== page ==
Posted by: Lauren--NY | July 2, 2009

Bring Salvation Back

“In a world filled with hate, we must still dare to hope. In a world filled with anger, we must still dare to comfort. In a world filled with despair, we must still dare to dream. And in a world filled with distrust, we must still dare to believe.” ~Michael Jackson

For five minutes, I thought it was ridiculous.

For the first five minutes of the news coverage, it seemed like your run-of-the-mill celebrity-palooza, bumping real news from the headlines in order to talk about something more ratings-grabbing, more sensational.

Then it sank in.

If I’m being completely honest, I made my share of Michael Jackson jokes over the years. It was such easy material, and during that circus sideshow of a trial, you just had to do it. Still, I didn’t believe he was guilty (and I still don’t) and the sight of that frail ghost of a man shuffling into court in his pajamas broke my heart even more in light of what he once had been. Of course, he was tortured even then, practically a slave to his father’s ambition as a child, along with the verbal and physical abuse—and, later, a slave to the demons that resulted from that. But the extraordinary accomplishments of this individual should not be overshadowed by the more bizarre aspects of his life, and by the fact that he seemed to get younger as he got older, beginning as a strangely professional, hard-working child, and eventually living a child’s dream in the only way an adult male in his forties could—he bought himself an amusement park and turned his life into a twisted, fantastical dreamland because he couldn’t deal with reality. We shouldn’t forget the musical genius that he was because the last decade of his life was so heartrendingly sad.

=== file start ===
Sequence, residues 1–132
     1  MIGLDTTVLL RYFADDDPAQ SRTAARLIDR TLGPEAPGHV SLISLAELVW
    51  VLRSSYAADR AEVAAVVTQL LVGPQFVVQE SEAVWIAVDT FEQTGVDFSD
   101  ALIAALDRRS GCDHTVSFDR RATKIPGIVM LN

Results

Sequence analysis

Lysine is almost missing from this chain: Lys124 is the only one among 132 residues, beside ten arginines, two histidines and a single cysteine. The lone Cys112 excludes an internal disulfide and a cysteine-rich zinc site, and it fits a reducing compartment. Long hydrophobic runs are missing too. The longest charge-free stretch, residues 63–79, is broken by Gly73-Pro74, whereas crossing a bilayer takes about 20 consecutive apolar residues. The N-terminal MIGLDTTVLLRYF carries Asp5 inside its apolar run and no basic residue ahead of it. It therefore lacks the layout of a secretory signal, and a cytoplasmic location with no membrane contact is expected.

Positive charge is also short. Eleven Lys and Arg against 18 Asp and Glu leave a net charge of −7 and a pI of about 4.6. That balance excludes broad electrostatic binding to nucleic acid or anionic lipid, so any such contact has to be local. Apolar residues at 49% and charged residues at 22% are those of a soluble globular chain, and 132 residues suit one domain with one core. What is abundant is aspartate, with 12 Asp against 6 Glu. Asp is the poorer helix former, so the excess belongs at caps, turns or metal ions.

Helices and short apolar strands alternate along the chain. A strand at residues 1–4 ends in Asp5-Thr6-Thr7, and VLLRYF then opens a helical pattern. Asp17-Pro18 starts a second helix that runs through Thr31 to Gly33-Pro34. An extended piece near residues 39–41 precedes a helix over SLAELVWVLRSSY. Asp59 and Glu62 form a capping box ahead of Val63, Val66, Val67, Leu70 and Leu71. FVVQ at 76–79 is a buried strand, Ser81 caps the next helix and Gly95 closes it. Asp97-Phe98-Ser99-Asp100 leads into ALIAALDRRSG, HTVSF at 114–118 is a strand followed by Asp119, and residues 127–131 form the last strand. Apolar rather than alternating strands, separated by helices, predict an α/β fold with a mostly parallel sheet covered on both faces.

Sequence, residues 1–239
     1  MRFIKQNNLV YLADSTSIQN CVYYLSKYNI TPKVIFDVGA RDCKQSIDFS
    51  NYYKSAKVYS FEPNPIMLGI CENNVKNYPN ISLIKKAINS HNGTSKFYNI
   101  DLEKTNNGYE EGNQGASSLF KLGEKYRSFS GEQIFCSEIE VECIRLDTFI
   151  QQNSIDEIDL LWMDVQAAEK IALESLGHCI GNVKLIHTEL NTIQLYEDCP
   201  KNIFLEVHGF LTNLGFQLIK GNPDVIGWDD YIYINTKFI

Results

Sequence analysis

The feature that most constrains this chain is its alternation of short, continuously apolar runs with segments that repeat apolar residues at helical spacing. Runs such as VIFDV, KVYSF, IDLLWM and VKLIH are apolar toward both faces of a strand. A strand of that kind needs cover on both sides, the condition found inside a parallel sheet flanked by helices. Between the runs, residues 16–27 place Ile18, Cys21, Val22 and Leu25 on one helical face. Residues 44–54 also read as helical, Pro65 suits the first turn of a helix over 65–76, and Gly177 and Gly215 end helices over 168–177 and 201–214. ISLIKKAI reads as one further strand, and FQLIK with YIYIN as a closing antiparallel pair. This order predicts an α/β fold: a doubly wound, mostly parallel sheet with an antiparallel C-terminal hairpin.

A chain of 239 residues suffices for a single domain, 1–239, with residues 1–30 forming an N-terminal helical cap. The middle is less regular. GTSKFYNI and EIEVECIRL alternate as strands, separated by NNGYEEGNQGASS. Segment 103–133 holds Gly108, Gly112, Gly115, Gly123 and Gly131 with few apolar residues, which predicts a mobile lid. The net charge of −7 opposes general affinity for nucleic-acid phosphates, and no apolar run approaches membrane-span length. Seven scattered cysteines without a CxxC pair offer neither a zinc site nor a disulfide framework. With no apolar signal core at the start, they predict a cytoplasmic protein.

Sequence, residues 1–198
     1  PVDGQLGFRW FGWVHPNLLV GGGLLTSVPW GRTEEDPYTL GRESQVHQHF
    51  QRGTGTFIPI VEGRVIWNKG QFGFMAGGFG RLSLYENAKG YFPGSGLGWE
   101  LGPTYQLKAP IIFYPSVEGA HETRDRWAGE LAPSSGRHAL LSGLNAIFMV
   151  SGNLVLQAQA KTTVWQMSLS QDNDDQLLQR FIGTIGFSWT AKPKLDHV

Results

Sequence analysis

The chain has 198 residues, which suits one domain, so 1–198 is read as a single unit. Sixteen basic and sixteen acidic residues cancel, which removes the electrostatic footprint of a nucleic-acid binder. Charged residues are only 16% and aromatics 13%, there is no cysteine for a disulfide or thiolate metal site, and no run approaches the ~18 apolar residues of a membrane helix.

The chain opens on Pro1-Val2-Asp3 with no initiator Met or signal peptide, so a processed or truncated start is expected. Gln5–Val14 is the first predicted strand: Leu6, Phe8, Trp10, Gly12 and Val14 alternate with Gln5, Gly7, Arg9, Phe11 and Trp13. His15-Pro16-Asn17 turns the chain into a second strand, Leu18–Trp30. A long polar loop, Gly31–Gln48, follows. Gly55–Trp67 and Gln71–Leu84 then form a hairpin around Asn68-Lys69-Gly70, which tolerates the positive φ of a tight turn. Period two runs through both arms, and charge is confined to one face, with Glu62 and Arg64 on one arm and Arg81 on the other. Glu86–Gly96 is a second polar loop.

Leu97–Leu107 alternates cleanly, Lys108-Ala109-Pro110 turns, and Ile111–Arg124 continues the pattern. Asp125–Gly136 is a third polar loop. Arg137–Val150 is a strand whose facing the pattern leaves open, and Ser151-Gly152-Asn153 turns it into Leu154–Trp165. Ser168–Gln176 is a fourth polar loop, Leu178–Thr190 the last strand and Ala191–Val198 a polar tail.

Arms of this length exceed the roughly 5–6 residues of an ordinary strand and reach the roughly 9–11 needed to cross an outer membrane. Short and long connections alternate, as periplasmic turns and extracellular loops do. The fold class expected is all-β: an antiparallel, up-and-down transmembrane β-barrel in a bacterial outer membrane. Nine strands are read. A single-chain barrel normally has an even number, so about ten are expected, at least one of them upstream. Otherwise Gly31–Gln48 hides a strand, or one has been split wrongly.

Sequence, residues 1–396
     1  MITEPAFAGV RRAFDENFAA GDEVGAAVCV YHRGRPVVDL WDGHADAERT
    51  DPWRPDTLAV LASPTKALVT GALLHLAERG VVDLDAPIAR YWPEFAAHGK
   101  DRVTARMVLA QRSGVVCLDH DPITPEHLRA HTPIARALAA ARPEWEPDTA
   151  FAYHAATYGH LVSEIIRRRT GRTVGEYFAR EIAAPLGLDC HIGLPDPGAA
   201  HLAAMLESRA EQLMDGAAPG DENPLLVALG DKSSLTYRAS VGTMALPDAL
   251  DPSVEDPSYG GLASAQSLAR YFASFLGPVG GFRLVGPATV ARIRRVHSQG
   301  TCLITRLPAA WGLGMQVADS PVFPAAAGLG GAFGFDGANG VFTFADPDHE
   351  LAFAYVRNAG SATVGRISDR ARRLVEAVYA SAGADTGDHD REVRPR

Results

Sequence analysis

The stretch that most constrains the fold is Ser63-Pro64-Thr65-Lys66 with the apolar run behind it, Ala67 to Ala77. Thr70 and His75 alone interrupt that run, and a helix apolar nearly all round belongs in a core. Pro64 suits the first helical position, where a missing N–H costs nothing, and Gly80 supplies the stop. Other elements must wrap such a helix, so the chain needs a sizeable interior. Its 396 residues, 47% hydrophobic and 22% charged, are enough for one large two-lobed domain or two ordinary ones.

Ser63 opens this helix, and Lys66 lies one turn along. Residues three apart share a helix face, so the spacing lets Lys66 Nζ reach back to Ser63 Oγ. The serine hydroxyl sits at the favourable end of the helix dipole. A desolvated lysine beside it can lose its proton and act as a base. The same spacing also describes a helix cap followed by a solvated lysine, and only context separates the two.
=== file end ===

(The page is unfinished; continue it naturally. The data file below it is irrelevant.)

My personal reaction to Michael Jackson’s death has been a bit deeper than I would have expected, had there been any sort of warning. It hasn’t blinded me to the fact that cable news should probably move on, should probably cover the Yemen plane crash and the fact that we officially “left” (heh) Iraq, the situation in Gaza, the situation in Myanmar, in Eastern Congo, how New Orleans is holding up, what Al Franken’s victory (finally) means. You know, news. However, his fans are crowding the streets as I type this, and his record sales have skyrocketed, and people are stunned. Anything that causes this kind of a public response deserves extensive coverage (if not quite this much), at least until after the funeral.